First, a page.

When I first started this article, it was with the intent that I share information with my readers on how best to travel the country while staying at places or sites that were free of charge. Because of the COVID-19 virus, I have decided to focus on other elements that pertain to travelling right now if you are a full-time RVer. You can read my initial post on COVID-19 and RVing as well if you’d like.
To date, theses national parks have suspended usage to those with or without an RV, although some are still allowing dispersed camping. I’ve linked to the official notices for each one so you can read more if you’re interested.
- Acadia National Park and campgrounds are closed.
- Amistad National Recreation Area is closed until April 3rd. Campgrounds are closed.
- Arches National Park has closed Devils Garden Campground.
- Assateague Island and National Seashore campgrounds are closed.
- Bandelier National Park campgrounds are closed.
- Big Bend National Park campgrounds and dispersed camping areas are closed.
- Big South Fork National River & Recreation Area has closed all campgrounds.
- Bryce Canyon National Park:camping is open at North Campground, by reservation only.
- Canyonlands National Park Needles and Sky Island campgrounds are closed. Back country camping is closed.
- Cape Hatteras National Seashore campgrounds are closed.
- Cape Lookout National Seashore beach overnighting and dump station are open.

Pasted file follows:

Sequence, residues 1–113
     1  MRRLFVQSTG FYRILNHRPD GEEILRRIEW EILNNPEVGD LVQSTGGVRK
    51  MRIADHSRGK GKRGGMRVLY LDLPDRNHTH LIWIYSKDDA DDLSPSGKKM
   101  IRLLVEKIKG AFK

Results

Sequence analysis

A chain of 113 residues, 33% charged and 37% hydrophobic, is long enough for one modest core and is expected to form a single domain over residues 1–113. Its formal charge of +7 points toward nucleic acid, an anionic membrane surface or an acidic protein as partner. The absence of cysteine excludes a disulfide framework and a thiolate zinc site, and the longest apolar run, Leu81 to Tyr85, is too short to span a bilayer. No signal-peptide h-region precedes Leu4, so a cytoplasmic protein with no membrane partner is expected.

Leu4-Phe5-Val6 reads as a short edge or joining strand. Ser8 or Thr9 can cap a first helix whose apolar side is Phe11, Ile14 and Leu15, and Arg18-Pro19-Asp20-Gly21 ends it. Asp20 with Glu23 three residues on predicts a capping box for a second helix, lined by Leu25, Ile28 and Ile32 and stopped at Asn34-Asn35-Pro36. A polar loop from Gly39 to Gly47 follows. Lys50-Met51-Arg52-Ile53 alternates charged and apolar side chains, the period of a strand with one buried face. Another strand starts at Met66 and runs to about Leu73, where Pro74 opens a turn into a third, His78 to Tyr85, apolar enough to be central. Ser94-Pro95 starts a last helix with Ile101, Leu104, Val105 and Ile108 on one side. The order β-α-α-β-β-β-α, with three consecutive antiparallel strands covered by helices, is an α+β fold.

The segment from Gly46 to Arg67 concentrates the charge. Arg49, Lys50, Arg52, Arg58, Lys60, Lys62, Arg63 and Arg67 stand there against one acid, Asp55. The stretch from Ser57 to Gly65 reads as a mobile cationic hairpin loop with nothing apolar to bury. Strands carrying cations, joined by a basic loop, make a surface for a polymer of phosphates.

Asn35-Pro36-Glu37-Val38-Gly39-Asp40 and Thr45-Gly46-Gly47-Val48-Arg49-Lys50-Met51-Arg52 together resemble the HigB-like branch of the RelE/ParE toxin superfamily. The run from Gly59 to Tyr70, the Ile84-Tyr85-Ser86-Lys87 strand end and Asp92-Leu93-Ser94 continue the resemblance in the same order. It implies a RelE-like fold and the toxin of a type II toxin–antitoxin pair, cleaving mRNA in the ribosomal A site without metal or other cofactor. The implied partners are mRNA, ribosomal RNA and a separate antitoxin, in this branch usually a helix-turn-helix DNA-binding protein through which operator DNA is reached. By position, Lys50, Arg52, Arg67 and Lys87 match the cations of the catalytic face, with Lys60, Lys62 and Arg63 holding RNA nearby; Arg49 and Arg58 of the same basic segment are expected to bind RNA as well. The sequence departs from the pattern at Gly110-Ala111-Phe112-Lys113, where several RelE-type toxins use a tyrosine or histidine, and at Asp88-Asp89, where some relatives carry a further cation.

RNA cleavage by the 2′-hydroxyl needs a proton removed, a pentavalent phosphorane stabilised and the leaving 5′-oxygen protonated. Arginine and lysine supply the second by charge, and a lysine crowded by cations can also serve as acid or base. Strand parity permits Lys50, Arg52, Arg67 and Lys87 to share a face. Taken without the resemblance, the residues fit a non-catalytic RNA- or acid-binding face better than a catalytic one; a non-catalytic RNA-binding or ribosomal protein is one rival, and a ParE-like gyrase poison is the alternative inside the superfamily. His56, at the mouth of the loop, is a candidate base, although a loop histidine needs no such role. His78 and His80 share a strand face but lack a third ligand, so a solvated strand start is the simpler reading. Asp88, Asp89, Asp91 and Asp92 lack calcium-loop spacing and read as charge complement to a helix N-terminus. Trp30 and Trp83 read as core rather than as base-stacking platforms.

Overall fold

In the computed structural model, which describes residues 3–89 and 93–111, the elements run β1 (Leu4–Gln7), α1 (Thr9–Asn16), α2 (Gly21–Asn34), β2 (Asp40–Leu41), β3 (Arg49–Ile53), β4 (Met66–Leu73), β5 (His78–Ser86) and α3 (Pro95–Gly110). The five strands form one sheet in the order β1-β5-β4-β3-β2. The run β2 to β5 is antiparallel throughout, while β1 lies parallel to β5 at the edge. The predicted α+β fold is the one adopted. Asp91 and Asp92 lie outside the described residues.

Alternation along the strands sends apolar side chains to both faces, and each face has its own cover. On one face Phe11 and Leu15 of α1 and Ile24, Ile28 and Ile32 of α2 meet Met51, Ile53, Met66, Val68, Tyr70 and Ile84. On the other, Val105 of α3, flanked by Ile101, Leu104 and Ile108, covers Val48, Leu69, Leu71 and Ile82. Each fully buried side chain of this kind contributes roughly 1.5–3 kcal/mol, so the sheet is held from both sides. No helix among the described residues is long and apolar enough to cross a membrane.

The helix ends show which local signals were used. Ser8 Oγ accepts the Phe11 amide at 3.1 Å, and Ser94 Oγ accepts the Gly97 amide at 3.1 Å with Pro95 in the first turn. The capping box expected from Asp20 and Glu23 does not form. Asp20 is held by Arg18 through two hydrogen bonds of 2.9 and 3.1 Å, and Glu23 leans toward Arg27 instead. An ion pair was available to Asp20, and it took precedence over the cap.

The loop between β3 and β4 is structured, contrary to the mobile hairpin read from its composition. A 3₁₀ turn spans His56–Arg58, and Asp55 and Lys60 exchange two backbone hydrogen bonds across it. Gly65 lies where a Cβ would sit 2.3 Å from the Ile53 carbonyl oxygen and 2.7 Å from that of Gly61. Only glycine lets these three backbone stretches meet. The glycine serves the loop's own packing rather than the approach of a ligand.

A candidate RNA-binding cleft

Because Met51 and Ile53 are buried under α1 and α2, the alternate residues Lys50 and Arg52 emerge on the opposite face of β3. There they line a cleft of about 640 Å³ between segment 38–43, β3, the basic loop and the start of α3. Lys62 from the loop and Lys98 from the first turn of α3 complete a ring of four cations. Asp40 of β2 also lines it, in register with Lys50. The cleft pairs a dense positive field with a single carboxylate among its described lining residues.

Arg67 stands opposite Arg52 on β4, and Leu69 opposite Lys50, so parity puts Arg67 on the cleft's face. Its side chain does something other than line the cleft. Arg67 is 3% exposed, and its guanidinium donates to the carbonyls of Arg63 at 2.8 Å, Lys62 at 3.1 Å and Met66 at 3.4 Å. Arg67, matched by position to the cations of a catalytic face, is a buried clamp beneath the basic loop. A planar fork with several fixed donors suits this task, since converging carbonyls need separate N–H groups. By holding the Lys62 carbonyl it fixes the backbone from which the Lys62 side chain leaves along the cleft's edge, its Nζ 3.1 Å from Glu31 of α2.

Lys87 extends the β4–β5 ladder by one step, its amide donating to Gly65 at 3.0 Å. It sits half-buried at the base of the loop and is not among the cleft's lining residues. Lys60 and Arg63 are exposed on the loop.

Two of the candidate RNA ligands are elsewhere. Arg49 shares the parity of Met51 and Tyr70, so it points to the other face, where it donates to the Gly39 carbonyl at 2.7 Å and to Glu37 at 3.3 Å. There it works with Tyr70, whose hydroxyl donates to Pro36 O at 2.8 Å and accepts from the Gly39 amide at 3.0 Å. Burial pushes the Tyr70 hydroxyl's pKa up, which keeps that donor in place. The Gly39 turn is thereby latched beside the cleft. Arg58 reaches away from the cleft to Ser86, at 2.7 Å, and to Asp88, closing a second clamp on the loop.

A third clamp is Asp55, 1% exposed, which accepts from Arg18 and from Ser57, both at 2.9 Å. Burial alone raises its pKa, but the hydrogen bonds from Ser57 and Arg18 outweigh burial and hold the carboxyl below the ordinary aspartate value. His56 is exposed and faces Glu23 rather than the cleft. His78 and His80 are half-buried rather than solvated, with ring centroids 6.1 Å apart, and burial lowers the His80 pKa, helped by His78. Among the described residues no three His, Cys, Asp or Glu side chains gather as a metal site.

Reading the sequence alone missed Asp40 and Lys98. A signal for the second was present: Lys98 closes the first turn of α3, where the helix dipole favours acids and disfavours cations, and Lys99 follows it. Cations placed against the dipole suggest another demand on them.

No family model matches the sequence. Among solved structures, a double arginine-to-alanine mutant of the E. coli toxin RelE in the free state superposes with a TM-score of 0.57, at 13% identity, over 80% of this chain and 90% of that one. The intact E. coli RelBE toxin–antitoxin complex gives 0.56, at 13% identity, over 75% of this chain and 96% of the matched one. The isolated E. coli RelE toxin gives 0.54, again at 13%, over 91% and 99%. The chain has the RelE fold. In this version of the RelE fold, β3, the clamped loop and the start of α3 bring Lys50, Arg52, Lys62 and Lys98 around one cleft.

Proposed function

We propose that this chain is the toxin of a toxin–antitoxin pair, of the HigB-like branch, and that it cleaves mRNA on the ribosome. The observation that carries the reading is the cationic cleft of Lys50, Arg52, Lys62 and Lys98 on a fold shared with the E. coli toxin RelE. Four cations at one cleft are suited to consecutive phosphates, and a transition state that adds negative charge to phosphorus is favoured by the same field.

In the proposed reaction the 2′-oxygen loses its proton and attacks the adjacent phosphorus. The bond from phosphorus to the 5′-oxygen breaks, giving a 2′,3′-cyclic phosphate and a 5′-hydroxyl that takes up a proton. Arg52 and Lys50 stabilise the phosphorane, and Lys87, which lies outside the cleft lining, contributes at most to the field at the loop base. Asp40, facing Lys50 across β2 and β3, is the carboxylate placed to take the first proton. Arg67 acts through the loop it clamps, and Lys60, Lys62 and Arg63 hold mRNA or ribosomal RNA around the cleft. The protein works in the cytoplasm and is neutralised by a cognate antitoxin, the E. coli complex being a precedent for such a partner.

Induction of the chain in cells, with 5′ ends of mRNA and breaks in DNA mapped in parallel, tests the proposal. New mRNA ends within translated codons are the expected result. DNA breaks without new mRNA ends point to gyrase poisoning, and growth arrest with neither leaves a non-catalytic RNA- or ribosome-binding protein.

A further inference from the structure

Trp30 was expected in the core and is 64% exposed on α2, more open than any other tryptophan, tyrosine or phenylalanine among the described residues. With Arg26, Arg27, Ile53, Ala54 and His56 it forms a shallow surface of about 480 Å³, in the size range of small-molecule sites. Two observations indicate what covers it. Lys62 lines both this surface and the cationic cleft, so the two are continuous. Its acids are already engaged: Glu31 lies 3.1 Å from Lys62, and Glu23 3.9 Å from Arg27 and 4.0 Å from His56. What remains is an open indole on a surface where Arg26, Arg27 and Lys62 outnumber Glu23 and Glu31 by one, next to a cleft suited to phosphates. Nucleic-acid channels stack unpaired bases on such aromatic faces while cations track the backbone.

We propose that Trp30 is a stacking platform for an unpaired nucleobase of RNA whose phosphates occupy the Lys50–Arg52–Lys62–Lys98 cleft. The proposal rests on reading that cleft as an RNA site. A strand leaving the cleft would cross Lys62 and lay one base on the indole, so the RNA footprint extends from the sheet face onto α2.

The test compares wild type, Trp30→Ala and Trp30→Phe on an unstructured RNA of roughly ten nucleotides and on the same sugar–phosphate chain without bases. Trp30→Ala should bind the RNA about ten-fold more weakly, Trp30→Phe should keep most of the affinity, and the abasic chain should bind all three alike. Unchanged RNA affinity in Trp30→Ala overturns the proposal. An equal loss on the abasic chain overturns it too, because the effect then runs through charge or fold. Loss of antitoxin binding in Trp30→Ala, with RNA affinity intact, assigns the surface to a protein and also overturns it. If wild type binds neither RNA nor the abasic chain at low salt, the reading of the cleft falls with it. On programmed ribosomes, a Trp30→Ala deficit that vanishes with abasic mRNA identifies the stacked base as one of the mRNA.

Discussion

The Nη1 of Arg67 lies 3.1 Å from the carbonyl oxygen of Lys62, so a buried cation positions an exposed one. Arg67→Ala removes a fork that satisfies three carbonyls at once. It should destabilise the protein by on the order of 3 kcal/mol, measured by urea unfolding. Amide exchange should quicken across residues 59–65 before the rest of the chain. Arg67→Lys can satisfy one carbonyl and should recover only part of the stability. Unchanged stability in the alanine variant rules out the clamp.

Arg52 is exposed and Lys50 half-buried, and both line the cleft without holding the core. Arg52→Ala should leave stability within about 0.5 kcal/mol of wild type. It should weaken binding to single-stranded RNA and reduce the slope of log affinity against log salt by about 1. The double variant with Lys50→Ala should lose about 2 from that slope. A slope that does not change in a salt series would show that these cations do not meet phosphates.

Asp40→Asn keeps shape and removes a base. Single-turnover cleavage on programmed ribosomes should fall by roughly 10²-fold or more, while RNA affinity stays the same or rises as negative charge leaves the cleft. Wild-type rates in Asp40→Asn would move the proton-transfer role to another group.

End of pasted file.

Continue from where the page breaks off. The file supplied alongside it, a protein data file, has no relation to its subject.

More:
- Capitol Reef National Park has closed Fruita Campground. Other campgrounds and camping remains open.
- Chaco Culture National Historical Park has closed Gallo Campground
- Colorado National Monument Saddlehorn Campground is closed.
- Congaree National Park has closed all campgrounds.
- Crater Lake National Park is closed.
- Cumberland Gap: Wilderness Road Campground is closed.
- Cumberland Island National Seashore campgrounds are closed.
- Death Valley National Park has closed all campgrounds, with the exception of Panamint Springs Resort. Backpacking and dispersed roadside camping is open.
- Dry Tortugas National Park has closed Garden Key Campground
- Everglades Nationals Park has closed Front country campgrounds. Backcountry campgrounds remain open. Flamingo campground & Long Pine Key Campground are closed. Public access via Miami-Dade county is closed.